He offers some very confused thoughts and no longer wants to apply the same historical criteria he applies to other events.  It is obvious to anyone looking that issue that we can in fact take the miracle events described in the gospels and apply the historical criteria just like we can to any non – miraculous event.



He offers nothing specific as to why any of the 6 historical criteria themselves would not work to evaluate historic miracle claims.   So at the outset I see no reason why his normal criteria for historical analysis cannot be employed.  Sadly he does not address any of these criteria or attempt to show why they don’t work with miracles.  It seems very much to be a situation of special pleading.

Ok lets move on to what he does say.   He claims he is not referring to a philosophical problem, but instead a “historical problem of miracle.”    Given that he never mentions any problems with applying the historical criteria to these events, it seems a strange claim.   Despite his claim to the contrary the “miracle problem” he refers to seems to be very much a philosophical misgiving.  It is a conflation of 2 distinct definitions of miracle, and a confusion over predicting probabilities in the future or the past.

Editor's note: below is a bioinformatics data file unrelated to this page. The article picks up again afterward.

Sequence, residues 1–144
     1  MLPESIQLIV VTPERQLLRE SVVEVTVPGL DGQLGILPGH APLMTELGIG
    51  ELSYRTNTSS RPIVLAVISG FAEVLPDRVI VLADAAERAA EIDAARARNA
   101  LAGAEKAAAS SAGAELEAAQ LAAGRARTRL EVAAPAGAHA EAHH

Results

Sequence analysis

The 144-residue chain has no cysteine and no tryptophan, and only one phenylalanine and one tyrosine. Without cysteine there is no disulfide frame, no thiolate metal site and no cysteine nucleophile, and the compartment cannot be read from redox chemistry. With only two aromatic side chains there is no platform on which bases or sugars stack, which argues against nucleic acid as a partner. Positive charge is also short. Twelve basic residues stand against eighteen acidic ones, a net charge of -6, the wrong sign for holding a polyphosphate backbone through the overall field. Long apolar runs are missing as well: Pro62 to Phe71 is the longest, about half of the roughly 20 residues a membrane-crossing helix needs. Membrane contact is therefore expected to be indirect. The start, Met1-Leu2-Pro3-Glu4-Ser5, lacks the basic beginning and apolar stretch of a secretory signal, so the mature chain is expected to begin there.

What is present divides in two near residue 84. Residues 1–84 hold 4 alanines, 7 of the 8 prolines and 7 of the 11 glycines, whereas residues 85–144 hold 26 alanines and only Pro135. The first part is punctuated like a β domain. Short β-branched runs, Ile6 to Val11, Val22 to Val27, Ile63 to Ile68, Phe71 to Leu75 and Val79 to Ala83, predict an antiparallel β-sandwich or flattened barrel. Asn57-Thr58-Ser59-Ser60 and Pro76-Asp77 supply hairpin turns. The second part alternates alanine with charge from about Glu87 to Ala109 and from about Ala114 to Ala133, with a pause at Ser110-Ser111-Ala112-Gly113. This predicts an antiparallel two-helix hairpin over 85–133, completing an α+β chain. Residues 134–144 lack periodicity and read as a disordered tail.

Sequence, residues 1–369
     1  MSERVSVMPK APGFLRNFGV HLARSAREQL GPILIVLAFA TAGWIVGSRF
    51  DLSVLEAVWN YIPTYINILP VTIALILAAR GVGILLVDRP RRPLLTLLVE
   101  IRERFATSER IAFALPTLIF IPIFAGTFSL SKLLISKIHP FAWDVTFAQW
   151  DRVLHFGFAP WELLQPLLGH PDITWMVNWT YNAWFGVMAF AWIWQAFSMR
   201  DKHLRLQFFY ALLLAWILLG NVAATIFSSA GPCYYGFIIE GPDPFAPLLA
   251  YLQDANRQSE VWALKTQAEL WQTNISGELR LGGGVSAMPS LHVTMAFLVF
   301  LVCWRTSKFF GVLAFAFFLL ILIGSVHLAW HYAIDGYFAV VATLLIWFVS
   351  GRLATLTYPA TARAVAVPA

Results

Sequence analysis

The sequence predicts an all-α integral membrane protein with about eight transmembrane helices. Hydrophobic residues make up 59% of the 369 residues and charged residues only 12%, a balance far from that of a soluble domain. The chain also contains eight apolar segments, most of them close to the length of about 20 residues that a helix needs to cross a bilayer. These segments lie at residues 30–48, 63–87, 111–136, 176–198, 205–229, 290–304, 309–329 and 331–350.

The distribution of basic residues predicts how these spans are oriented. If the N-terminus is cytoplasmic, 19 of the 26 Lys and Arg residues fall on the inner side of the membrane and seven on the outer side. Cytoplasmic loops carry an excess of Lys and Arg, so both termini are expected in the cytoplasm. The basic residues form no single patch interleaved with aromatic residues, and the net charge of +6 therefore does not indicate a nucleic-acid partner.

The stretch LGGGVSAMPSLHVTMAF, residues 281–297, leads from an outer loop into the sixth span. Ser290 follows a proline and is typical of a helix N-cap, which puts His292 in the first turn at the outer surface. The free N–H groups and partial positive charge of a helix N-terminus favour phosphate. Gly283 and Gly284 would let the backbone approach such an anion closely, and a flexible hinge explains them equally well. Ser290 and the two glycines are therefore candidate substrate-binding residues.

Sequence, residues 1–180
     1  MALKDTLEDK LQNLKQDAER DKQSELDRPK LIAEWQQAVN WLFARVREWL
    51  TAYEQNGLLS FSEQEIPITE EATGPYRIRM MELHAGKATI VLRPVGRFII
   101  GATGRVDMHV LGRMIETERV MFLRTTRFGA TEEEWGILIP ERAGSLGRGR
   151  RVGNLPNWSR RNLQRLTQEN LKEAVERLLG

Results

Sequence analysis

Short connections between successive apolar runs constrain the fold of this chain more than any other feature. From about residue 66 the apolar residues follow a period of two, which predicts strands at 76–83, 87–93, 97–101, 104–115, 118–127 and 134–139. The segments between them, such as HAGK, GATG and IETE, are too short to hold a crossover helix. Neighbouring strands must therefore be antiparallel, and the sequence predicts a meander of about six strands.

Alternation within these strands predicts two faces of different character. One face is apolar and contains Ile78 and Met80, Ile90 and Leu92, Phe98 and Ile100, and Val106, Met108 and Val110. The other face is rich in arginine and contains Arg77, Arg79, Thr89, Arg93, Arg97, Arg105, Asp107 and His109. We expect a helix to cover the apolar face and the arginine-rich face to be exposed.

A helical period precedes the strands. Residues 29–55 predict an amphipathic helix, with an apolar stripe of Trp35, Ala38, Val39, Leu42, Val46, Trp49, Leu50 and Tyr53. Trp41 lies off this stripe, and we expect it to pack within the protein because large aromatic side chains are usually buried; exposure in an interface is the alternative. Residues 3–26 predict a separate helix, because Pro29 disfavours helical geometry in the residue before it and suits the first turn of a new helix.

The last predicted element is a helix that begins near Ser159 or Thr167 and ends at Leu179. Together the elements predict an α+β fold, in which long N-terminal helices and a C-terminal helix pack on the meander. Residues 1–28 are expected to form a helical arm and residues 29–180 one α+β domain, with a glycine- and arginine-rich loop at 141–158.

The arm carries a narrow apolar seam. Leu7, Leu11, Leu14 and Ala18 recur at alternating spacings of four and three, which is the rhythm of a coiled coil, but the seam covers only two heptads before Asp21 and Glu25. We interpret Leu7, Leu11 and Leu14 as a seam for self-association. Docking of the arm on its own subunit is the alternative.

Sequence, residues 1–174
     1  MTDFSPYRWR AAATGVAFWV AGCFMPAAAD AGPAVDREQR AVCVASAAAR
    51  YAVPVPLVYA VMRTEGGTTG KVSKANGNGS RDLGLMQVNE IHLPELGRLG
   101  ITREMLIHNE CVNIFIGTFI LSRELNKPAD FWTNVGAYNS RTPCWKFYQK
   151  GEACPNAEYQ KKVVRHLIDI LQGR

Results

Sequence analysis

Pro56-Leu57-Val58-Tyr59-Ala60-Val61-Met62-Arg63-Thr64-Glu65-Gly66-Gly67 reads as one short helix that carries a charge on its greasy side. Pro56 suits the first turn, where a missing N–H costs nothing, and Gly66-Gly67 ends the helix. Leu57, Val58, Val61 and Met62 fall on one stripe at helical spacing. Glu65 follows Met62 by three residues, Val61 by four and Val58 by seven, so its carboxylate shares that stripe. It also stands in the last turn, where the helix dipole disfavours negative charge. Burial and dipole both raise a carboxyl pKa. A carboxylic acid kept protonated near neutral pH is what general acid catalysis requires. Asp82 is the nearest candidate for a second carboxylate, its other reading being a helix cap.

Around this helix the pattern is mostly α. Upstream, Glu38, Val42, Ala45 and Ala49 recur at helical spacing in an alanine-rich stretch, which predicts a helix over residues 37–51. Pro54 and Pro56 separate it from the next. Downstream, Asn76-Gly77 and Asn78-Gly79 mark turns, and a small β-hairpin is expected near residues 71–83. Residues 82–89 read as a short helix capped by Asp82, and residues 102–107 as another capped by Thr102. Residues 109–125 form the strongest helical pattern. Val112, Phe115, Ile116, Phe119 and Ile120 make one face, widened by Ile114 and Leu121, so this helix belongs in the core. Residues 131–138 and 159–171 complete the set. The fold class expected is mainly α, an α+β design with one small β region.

It’s unclear to me whether his disparate thoughts are intended to mount several different arguments as to why normal methodology of a historian can’t be used.   Or if he thinks they support one global argument.  That said lets go through some of his points:

Why does he mention scientific method and how it’s distinct from the methods of the historian in the context of miracles only?  Clearly that distinction applies equally well to all sorts of historical evaluations and not just to miracles.   It seems he agrees history is not science regardless of whether we are discussing claimed miraculous events or non-miraculous events.  So why raise this distinction in this context?  He seems to be going adrift.